Whereupon a decree was entered
"that an injunction be granted as prayed for, to restrain the sheriff's sale of the property mentioned and referred to in the bill, and that the said
injunction do stand until the defendants Lyon and Taylor do execute an assignment of the bond and mortgage referred to in the bill, and a transfer of the suit brought upon the said mortgage, upon receiving payment of the debt and interest secured thereby, together with all costs, upon the execution of which assignment and transfer the said injunction shall be dissolved,"
&c., which said decree was affirmed by the supreme court February 23, 1869, and a procedendo awarded.
On April 3, 1869, the supreme court aforesaid decreed that the injunction should be dissolved and the defendants hereto should be at liberty to proceed upon their said mortgage unless the said J. Wagner Jermon or Sarah A. Jermon should pay the same before the 20th of April, 1869. On April 20, 1869, the time was, upon the application of J. Wagner Jermon, extended to May 10, 1869. No payment or tender was made on or before May 10, 1869.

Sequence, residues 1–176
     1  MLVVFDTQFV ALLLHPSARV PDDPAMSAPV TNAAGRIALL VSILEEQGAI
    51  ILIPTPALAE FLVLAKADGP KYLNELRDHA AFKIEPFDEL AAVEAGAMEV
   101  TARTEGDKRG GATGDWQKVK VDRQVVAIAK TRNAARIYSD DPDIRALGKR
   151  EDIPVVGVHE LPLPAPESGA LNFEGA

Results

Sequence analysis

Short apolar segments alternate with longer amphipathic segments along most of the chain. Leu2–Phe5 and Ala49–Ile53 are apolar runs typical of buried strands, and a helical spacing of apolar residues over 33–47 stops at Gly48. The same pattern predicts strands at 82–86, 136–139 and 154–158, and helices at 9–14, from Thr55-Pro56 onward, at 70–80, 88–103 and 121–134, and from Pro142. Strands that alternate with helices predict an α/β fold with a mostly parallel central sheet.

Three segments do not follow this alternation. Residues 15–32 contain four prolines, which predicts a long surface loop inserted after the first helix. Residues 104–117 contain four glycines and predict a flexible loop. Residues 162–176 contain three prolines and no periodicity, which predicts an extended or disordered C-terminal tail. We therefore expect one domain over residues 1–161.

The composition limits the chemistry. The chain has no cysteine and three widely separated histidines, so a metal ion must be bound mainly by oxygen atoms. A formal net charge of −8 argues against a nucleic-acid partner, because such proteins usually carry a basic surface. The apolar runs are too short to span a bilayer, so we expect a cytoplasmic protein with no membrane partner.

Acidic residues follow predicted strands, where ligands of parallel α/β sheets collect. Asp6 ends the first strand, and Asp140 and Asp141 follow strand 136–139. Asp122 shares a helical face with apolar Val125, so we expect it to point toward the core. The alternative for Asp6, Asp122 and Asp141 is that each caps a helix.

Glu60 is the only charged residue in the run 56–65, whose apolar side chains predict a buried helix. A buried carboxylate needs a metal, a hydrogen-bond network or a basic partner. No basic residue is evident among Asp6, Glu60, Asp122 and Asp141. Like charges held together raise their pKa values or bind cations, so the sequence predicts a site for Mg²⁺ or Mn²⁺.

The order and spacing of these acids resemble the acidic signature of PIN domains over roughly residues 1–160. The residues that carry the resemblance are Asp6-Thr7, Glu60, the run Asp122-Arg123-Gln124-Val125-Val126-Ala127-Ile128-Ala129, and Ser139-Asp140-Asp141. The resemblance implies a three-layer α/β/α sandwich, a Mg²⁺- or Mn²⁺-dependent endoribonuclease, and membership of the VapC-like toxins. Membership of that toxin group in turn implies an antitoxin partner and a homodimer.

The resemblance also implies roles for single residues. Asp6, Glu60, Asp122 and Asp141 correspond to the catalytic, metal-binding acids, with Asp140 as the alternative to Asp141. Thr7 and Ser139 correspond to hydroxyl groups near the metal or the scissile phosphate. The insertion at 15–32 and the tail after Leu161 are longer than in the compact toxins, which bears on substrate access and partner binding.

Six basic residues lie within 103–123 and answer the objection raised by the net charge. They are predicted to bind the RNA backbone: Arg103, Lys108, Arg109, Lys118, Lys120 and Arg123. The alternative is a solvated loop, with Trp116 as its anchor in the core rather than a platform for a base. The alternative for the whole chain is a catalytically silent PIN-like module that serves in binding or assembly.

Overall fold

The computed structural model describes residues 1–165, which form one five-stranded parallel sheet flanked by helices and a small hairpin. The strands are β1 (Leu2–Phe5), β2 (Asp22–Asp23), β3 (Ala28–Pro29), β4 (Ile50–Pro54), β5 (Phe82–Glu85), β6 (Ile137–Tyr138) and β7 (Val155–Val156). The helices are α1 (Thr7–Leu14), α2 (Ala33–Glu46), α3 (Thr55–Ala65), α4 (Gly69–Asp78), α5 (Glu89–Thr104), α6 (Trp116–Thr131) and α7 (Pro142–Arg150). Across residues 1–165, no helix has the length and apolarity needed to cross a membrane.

6. On September 18, 1869, a levari facias was issued in the action to foreclose the mortgage, wherein the premises were described as three properties, viz.,
Lot No. 1. S.E. corner of Broad and Oxford Streets, 48 feet on Broad Street by 111 feet on Oxford Street.
Lot No. 2. South side Oxford Street 111 feet east of Broad Street, 16 by 48 feet.
Lot No. 3. South side Oxford Street 127 feet east of Broad Street, 16 by 48 feet.
Lot numbered 1 was purchased by the defendants at the sheriff's sale made October 4, 1869, for the sum of $10,000, and No. 2 was purchased at the same sale by the defendants for the sum of $2,000. The sheriff's return to the writ of levari facias was, inter alia,